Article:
When communicating it is more than likely that you will be seated throughout the job and this can cause restrictions to your muscles. When possible, standing is far more beneficial as it allows for fuller body movements and better circulation and reducing the risk of injuries to the arms.
As standing is not always realistic, it is important that we focus on how we position ourselves when seated.
Allow your body to be positioned in a way which allows the blood to flow freely
Joints should be in a neutral position - not bent or over stretched
Leg crossing should be avoided as the compression on the lower leg decreases blood supply. Your back will be slightly twisted, causing tension through the spine
When having a break, relax your arms, shoulders and elbows. Fingers and hands should not be clenched
Practice some desk stretches at break times, to release muscular tension. See over:
Good posture helps movement to be more effective with minimal stress. It allows vital organs to be in the correct position for optimum results. It is important to remember that the circulatory system and the nervous system are interlinked throughout the body, so consider the whole body when positioning yourself and when stretching, not just the hot spot areas.
Here is a simple exercise to help you find a good position for your spine:
Stand in front of a mirror, stretch and then relax the spine until a position is reached, that does not put strain on any part of the body. Repeat the exercise sitting down; rest both feet on the floor in a position that is comfortable and put both hands lightly in the lap.
Particular attention should be given to the head. It weighs 12-14lb/5-6kg and if it is not supported well or is put at an awkward angle this is likely to cause problems.
Migraines and head aches at the base of the head can be caused by rounding your shoulders, where the shoulder muscles are attached.
If your chest is not open properly, the space in the chest capacity is reduced, restricting oxygen to the lungs. Our organs need sufficient amounts of oxygen to work at peak condition. This is why we yawn unexpectedly when we do not seem to be tired.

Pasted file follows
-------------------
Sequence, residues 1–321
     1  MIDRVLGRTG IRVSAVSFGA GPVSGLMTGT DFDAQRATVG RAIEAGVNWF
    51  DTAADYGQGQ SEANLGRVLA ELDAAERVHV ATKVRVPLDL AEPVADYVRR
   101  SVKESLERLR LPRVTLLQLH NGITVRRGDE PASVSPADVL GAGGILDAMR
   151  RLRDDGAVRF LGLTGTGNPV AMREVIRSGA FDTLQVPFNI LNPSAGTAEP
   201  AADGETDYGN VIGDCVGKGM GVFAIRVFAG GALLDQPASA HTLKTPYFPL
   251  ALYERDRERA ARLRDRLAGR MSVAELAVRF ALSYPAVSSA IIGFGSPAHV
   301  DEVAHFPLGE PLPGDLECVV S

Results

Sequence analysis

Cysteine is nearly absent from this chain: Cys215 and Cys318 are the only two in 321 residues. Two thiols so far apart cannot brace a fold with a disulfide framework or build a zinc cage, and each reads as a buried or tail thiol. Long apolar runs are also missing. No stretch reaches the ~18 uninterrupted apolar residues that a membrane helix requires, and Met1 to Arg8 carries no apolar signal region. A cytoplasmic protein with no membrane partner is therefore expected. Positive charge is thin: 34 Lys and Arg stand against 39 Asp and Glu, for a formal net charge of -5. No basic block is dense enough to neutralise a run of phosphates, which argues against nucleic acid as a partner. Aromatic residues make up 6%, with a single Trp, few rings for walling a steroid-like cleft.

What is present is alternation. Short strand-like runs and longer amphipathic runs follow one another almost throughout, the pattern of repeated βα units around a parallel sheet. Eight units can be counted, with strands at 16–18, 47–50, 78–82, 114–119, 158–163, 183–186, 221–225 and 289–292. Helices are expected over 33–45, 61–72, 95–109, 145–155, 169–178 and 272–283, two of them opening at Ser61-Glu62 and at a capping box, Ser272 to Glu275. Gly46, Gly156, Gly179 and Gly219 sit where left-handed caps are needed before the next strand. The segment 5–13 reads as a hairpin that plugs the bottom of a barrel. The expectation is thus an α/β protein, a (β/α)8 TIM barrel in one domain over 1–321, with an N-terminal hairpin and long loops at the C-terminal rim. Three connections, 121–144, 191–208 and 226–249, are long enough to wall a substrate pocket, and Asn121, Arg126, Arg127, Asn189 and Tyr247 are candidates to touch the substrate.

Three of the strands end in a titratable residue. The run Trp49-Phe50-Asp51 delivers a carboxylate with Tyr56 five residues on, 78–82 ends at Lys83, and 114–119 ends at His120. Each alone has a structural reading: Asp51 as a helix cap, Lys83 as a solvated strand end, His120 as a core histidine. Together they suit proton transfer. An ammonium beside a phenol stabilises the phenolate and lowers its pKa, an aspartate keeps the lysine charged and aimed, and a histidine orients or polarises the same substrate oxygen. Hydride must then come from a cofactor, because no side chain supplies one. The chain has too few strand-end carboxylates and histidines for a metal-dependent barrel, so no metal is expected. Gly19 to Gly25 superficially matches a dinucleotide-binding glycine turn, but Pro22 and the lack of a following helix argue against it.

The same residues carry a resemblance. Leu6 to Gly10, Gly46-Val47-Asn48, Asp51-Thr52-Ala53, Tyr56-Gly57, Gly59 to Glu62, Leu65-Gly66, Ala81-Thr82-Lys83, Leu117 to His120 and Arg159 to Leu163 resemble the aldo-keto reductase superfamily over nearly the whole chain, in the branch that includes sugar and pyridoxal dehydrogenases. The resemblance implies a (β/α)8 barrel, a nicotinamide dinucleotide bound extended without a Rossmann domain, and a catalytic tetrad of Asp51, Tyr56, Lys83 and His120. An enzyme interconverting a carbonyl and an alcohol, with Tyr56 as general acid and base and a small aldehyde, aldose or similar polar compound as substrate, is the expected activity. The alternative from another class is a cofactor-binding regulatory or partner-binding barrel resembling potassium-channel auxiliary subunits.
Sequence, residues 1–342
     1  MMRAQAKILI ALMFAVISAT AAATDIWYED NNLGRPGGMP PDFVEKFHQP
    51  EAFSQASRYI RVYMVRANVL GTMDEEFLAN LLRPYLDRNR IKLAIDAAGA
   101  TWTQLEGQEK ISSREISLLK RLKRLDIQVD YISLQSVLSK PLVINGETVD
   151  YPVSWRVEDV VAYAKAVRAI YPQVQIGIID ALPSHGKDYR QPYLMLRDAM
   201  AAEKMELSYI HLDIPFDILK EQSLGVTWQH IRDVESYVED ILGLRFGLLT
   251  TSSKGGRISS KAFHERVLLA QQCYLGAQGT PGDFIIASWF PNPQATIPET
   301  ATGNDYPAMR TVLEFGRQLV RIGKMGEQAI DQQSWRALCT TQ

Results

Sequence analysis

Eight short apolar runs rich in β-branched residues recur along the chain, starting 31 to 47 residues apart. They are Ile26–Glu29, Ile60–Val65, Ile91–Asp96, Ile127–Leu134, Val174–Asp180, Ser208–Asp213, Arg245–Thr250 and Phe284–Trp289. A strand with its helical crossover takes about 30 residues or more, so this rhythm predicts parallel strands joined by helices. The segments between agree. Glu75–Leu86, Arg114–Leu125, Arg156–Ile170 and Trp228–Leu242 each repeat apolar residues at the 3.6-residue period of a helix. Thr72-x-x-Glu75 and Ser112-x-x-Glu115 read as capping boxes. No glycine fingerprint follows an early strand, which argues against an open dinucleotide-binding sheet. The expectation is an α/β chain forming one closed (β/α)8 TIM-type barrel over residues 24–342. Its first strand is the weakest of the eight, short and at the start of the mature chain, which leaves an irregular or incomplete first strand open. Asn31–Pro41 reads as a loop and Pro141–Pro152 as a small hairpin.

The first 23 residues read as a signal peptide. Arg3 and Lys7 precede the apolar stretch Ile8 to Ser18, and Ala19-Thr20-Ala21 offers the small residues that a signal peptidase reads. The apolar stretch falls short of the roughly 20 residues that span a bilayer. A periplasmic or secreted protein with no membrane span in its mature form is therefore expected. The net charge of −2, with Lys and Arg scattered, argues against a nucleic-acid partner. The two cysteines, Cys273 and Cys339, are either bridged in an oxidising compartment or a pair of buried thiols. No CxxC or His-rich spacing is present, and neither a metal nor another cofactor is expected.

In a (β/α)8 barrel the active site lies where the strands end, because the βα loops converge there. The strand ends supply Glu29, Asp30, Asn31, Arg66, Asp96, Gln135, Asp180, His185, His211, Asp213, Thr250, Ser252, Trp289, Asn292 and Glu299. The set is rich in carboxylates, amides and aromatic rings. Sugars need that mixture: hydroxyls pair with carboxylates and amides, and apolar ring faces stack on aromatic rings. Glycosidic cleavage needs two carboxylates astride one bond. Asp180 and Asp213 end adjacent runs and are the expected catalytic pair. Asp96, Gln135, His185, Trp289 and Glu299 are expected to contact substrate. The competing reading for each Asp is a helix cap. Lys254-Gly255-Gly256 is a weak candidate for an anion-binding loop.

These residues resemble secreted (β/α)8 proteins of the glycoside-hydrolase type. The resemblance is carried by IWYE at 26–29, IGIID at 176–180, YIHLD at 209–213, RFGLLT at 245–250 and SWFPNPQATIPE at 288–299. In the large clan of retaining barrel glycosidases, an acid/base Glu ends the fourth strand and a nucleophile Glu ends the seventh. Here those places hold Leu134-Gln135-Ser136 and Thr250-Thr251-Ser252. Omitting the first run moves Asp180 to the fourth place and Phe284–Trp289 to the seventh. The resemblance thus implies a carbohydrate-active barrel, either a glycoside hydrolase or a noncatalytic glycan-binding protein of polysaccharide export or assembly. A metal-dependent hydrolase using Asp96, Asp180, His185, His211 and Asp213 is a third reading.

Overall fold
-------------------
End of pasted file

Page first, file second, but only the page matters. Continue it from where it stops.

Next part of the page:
A check up with a chiropractor every 6 months can be very beneficial as part of your health care.
Good posture makes you look healthier and happier. Your clothes fit better which makes a better impression on others.
RELAXATION TECHNIQUES TO HELP RELIEVE STRESSFUL STITUATIONS
Relaxation is essential when helping contribute to good health.
To help relax it is advised that we should take a break from everything and do absolutely nothing! This should not be looked upon as a waste of time. Just let your mind wonder. This allows for general thoughts to be pondered and any worrying issues to become clear.
Having restricted periods of time, rushing to complete tasks and to arrive at locations on time, is a main cause of stress.
Here is an exercise that connects breathing with muscle tension, which therefore helps you to relax. When you allow yourself that free time to do absolutely nothing, give this exercise a go...
Breath out all of the air from your lungs
Clench your muscles tightly as you take a deep breath in
Hold it for 2-3 seconds
Breath out with a leisurely sigh of relief
Drop your shoulders at the same time when breathing out and relax your muscles
Repeat this process a few times
When you are tense breathing becomes shallow, deep breathing enables muscles to relax and this releases tension.
Look after yourself and take care. There is only one of you!
FOR MORE INFORMATION:
AbilityNet 0800 269 545: www.abilitynet.org.uk
RSI Action: www.rsiaction.org.uk